The Pain in the Joy


Motherhood is is full of paradox. From the moment we learn of our child’s existence, we begin a process of constantly holding and letting go. This little person is part of our very being (spiritually, if not physically) and yet a totally separate human being. They arrive, and we let go while simultaneously embracing. They grow, and we watch in unspeakable joy, yet with each milestone reached we must let go just a bit more. Let go, and trust. The cord is cut, and we no longer share one body. They need us at every second, even to support their tiny floppy heads, and then less, and less. They wean. They crawl, then walk, and then run away from us (and yet return for comfort, again and again). We continue, being there, loving, holding, and still constantly letting go. May I just point something out here, that perhaps sometimes we’re afraid to say out loud? Amidst all of the amazing joy of all of this, it is also gut-wrenchingly painful for us as mamas. Remember, this child was literally a part of you and always will be. It is wonderful to see our little ones learning, changing, becoming the people they are destined to be. But it also feels a bit like a punch in the stomach, as we let go and practice trusting that they will be okay, and as we watch each stage pass, gone forever in favor of the new.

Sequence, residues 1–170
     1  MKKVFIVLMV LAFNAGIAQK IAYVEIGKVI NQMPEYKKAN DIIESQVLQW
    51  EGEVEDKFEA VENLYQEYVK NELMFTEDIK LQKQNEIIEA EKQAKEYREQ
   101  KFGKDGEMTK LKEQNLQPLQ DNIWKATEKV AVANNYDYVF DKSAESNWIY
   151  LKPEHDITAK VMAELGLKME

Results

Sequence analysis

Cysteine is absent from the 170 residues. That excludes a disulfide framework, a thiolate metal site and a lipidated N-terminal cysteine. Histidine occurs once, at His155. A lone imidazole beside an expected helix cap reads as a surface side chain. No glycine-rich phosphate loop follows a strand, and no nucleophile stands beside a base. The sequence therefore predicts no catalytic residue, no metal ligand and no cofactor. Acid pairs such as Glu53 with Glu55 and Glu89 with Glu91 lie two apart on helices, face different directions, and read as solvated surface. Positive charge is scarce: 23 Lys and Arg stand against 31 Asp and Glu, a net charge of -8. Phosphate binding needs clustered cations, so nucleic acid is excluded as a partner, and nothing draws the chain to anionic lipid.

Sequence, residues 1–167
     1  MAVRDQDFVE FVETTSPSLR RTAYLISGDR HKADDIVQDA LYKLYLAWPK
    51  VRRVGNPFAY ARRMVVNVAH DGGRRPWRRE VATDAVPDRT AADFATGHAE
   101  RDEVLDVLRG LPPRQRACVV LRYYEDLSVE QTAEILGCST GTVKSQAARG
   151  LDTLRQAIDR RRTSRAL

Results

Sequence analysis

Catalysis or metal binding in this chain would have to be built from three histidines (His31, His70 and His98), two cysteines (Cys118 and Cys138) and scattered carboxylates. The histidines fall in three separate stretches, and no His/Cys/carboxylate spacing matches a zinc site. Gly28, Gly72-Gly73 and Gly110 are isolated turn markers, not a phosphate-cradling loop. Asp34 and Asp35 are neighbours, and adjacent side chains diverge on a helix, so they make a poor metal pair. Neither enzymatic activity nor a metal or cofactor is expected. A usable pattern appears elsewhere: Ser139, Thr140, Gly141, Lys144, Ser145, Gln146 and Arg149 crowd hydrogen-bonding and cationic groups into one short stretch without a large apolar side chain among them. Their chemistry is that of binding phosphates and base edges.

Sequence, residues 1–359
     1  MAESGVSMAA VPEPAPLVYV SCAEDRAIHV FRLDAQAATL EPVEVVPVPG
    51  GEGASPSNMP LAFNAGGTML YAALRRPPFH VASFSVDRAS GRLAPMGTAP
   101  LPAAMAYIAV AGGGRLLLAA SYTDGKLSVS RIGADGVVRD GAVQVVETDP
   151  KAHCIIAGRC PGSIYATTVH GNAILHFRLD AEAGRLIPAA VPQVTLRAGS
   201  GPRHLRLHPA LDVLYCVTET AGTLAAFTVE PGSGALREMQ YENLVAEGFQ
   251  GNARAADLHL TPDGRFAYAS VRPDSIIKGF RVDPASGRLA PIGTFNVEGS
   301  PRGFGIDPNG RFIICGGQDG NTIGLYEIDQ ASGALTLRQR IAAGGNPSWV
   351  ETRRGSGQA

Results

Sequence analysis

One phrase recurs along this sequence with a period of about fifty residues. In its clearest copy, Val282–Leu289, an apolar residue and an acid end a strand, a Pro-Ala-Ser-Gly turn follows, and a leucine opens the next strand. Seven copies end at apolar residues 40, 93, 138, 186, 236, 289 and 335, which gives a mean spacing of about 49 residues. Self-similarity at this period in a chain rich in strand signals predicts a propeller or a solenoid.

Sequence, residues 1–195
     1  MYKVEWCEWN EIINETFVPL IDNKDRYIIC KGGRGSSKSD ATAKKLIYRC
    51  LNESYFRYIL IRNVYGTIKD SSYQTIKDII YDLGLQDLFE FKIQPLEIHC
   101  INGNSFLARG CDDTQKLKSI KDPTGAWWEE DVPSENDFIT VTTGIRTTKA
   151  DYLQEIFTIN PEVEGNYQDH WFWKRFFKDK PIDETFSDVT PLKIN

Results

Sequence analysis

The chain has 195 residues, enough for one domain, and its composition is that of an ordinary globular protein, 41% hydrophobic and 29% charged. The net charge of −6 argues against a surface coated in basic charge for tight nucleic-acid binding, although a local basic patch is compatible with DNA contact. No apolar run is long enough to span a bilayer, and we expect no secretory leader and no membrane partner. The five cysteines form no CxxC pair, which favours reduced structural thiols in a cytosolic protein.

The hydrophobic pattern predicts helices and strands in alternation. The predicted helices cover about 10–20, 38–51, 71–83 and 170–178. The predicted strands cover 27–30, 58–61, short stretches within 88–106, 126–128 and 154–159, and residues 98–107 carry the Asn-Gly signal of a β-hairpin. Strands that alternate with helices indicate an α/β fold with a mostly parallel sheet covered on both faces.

It is okay—even totally essential—to acknowledge this. In one of my favorite podcast episodes ever, Rob Bell spoke of The Good Grief. It deeply affected me, and has been on my mind ever since. With every new thing in our lives, something else must be coming to an end. Each time we gain something, we also lose something. This applies to parenthood, and also every other aspect of life. It is healthy for us to grieve these small things. If we refuse to acknowledge what is passing away, in fear that it will make us seem ungrateful for the wonderful new things happening, we are ignoring a part of our own hearts that needs the pain to be acknowledged. In allowing ourselves to observe and fully feel the pain even in the smallest things, we honor what was, and we allow ourselves to let it go and then fully be present and grateful in the now.
And you know what’s so incredibly beautiful about all of this? When you let yourself do this, you give yourself permission to feel everything more completely, including the present moment. In acknowledging the bittersweet heartache of my kids growing, each new stage bringing about the end of the previous one, I find myself so much more grateful for the present stages they’re in—wanting to soak in every detail and truly pay attention while it lasts.
So I’ll allow myself to feel a little sad that Eaden looks different (albeit every bit as cute) now that she has teeth, and that Isaac is looking less and less “little” lately as the last of his toddler chub disappears, and even that Seth no longer needs my help with most of his day-to-day tasks (yes, with that one I may be simultaneously grieving and cheering!)… but mostly I will hug them as often as I can, and notice the color of their eyes when I look at them, and pay as much attention as I can, as often as I can, to every detail. And I’ll take pictures (so many pictures), because every bit of it is worth remembering.